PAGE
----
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Handicapped-Rights Groups Wary of New U.S. Rule

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Washington--Handicapped-rights advocates are claiming that the Reagan Administration is reneging on its promise not to tamper with existing regulations prohibiting discrimination against handicapped students and adults.

The advocates say the breach of faith occurred last month when the Justice Department sent 91 federal departments and agencies a prototype regulation governing how handicapped federal employees should be treated under Section 504 of the Rehabilitation Act of 1973, which bars discrimination in federally assisted programs.

According to the groups, the new regulation would allow government agencies to discriminate against handicapped individuals if, for example, the jobs they apply for would have to be fundamentally changed in order to accommodate them. The Justice Department contends that a 1979 U.S. Supreme Court decision supports the change. Handicapped-rights advocates counter that the change could open the way for relaxing regulations governing other institutions, such as schools and colleges.

In 1978, the Congress passed an amendment to Section 504 that required the Education Department and other federal agencies to abide by the law themselves. But until last month, no federal agency had issued regulations for the enforcement of the law within its own of-fices. The agencies are to use the Justice Department prototype as a blueprint for their own regulations.

This March, Vice President George Bush sent letters to leaders of the handicapped-rights movement informing them that the Administration had abandoned its controversial plan to to rewrite the existing Section 504 regulations. (See Education Week, March 30, 1983.)

'Useful Guidance'

In his March 21 letter, the Vice President said that "extensive change of the existing [regulation] was not required, and that with respect to those few areas where clarification might be desirable, the courts are currently providing useful guidance and can be expected to do so in the future."

At that time, spokesmen for the handicapped-rights groups noted that the Administration might have left itself a "loophole" when it said that future clarifications of the regulation would be based on decisions by federal courts.

The prototype regulation issued by the Justice Department last month contains such a loophole, they contend.

The proposed rule is different from the existing regulation in that it would allow programs operated by the government to discriminate against handicapped individuals if those persons "[cannot] achieve the purpose of the program without modification of the program that would result in a fundamental alteration in its nature."

The Justice Department said that the change was made necessary by the Supreme Court's 1979 decision in Southeastern Community College v. Davis. In that case, the Court ruled that a nursing school did not have to admit a deaf applicant because her hearing impairment would have prevented her from participating in the clinical portion of a training program.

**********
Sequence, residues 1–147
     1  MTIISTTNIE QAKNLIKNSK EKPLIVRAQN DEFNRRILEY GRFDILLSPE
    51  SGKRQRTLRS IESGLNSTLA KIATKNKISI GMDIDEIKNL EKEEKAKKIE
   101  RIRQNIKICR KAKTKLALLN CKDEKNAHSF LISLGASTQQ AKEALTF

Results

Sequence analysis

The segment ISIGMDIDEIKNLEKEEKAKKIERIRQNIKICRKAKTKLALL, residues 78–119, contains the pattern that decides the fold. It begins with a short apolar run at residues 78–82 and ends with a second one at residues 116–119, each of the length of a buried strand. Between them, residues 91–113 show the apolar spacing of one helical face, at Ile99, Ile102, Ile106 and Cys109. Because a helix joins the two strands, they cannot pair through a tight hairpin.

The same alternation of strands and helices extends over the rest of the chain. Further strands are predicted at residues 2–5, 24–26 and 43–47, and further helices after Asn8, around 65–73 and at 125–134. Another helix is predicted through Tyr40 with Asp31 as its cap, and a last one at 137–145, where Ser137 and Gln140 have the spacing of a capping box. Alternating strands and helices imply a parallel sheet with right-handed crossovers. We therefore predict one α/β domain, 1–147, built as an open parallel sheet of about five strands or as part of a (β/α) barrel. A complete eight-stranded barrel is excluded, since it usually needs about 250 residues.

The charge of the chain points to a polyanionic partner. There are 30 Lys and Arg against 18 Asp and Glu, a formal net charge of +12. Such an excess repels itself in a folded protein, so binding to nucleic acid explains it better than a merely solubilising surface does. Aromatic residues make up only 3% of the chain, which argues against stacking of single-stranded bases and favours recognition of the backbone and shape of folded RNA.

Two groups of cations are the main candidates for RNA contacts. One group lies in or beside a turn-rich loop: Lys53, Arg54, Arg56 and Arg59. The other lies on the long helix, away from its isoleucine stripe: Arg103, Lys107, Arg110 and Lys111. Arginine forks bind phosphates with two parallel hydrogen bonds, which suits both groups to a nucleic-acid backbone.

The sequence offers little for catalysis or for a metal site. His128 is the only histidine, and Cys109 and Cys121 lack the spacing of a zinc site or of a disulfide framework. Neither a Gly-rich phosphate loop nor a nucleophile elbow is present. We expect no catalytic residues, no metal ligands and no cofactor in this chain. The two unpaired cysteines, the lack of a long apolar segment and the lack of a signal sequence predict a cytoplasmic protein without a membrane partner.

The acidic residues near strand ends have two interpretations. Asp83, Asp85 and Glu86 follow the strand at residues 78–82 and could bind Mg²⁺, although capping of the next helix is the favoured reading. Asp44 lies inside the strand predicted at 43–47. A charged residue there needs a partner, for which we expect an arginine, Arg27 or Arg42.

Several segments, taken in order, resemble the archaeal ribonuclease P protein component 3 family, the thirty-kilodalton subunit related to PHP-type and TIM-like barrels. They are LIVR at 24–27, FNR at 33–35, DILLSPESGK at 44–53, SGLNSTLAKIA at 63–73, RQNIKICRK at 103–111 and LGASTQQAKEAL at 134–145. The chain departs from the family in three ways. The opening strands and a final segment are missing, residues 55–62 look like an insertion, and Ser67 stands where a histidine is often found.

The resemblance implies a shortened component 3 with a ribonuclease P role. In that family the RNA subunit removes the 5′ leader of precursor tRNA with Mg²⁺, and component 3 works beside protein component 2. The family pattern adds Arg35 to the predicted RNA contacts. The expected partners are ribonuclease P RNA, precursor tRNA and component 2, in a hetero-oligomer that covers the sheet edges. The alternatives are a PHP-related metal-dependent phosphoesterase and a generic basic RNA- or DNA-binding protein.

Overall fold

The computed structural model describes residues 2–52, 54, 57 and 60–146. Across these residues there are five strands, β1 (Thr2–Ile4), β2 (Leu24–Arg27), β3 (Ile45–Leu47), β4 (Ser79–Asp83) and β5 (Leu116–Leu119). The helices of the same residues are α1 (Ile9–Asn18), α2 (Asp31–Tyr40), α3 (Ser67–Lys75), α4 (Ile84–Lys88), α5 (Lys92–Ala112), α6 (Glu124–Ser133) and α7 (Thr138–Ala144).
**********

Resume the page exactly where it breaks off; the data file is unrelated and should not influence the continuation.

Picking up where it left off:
"We have incorporated the Court's language in the definition of a 'qualified handicapped person' in order to make clear that such a person must be able to participate in the program offered by the agency," the Justice Department said in the prototype regulation. "The agency is required to make modifications in order to enable a handicapped applicant to participate, but is not required to offer a program of a fundamentally different nature."

"The test is whether, with appropriate modifications, the applicant can achieve the purpose of the program offered; not whether the applicant could benefit or obtain results from some other program that the agency does not offer," it continued. According to Jane Razeghi, a spokesman for the American Coalition of Citizens with Disabilities, "This proposed change would mean that the people in the private sector can come up to the government and say, 'Hey, if you don't have to accommodate these people, then why do we?"'

"These regulations are quite watered down when compared to the existing Section 504 regulations," she added. "We would like to see them brought up to the same standard."

Pat Wright, a spokesman for the Disability Rights Education and Defense Fund, agreed. "We find it interesting that the government plans to give itself a hardship clause while it denies such a clause to the recipients of aid," she said.

Ms. Wright and Ms. Razeghi said a number of handicapped-rights advocates held a meeting here last week to discuss the proposed regulation.

They said the groups will meet again this week and will probably issue a joint statement on the proposal.

In a related development, a federal judge last week temporarily barred the Education Department from firing a handicapped employee who was the only person in the department to be terminated during a reduction-in-force in March.

U.S. District Judge Thomas F. Hogan issued a temporary injunction preventing the department from firing Frederick A. Recker, who is mentally retarded and suffers from muscular dystrophy, a club foot, and cataracts.

Mr. Recker, a copying-machine operator who had received satisfactory job-performance ratings consistently during his 14 years in government service, was to have been laid off from his job in the department's office of bilingual education and minority-language affairs on April 25.

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